Zombie films are not in short supply. As we enter October, I expect many zombie flicks will be making their rounds on TV. Many are fascinated by the notion of something taking over their bodies and controlling them against their will. This sounds pretty frightening, but could zombies actually exist in nature? While what we see on film is very far-fetched, there is no doubt that zombies are real.

Meet the parasitic fungus with the tongue-twisting scientific name: Ophiocordyceps unilateralis. It has a unique way of reproducing. The fungus infects carpenter ants in the rainforests of Thailand and turns them into zombies. An ant infected with this fungus leaves its nest around noon, a peculiar time for this ant to take a stroll. It will then move about randomly. This is also bizarre behavior for this ant as they usually follow well-defined chemical trails. The ant then locates a plant not far from the nest and climbs to a height of around 25 centimeters, where it will bite into a central vein on the plant’s leaf and hang there.

A few days later, a fungus bursts out from the back of the ant’s head, like something from an “Alien” film. The fungus grows a fruiting body and spreads fungal spores, passing on the fungal DNA to a new generation. The spores will infect future carpenter ants as they forage, and the cycle will repeat.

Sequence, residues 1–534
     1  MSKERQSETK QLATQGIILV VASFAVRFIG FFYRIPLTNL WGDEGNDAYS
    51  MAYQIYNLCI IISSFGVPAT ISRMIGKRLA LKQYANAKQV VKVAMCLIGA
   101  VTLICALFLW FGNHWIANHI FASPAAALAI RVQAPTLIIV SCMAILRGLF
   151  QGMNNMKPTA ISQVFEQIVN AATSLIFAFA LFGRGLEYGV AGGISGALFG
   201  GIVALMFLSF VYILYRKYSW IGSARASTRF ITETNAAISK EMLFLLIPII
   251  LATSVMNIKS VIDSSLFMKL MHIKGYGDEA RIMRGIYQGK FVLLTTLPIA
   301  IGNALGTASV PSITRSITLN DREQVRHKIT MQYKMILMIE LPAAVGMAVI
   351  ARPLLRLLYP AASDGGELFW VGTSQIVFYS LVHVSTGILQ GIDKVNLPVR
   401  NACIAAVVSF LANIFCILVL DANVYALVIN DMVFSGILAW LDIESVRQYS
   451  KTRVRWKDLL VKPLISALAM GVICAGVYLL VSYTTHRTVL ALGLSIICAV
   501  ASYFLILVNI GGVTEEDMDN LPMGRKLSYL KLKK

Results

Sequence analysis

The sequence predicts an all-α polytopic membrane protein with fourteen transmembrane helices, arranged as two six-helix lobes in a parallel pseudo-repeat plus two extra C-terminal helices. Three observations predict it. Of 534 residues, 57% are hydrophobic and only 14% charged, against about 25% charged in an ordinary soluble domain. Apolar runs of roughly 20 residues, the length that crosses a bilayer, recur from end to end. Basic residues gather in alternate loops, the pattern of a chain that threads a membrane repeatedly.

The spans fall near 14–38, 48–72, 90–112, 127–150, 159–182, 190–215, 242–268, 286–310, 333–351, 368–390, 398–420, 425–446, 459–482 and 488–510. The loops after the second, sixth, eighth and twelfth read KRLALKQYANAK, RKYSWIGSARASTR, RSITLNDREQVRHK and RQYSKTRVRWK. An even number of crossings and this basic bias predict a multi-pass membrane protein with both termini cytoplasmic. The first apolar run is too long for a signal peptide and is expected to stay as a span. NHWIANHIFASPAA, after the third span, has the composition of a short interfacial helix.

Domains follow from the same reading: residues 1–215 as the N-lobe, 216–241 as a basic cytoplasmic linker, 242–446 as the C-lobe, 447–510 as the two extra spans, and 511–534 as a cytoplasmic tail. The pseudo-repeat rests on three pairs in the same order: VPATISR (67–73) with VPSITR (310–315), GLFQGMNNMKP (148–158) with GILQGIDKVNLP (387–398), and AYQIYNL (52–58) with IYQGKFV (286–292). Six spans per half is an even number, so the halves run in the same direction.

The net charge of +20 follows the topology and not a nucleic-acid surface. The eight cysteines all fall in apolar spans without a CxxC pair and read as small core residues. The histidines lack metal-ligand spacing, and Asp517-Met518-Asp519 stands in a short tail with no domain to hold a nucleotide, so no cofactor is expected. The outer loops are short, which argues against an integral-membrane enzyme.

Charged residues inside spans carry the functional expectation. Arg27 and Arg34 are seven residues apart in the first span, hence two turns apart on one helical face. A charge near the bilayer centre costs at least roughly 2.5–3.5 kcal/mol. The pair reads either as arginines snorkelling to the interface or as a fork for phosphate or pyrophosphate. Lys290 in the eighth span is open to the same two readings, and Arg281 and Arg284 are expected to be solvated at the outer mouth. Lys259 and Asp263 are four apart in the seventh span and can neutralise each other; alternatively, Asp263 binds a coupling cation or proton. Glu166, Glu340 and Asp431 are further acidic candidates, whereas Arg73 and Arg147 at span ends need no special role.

A quick scan of the plants near the ant nest reveals a graveyard of tiny ant bodies still clinging to their leaves, with fungal parasites sprouting from their heads. A frightening sight if one takes the time to contemplate what has occurred. A view like this would almost certainly make the first to observe it pause and ponder what on Earth had caused such an event to occur?

The answer lies with DNA. The ant was not walking from the nest at noon or climbing plants to bite leaf veins; it was the fungus in an ant costume. This is termed the extended phenotype.

The ant is actually the fungus, by extension. When the ant bites the leaf vein, about half of its brain cells are not its own, and fungal cells extend into the ant’s muscle tissue. When analyzing the DNA of the fungus, scientists found many genes that produce enterotoxins, known to impact chemical communication.

Behavior in biology often boils down to neurochemistry. Once the ant is dead, the fungus switches off the zombie control genes and activates the genes that will digest the ant, make the fungus grow and produce the fungal spores. The fungus, directed by its own DNA code, has zombified the ant so that it can walk to the perfect location to release its spores. Inside that tiny spore that will infect another ant is the DNA code of the fungus. The code carries all the directions needed to repeat this story.

A better question might be, is the fungus just the zombie of its own DNA code?

Dr. Jack Brown is the Paris Junior College Science Division chairman. 

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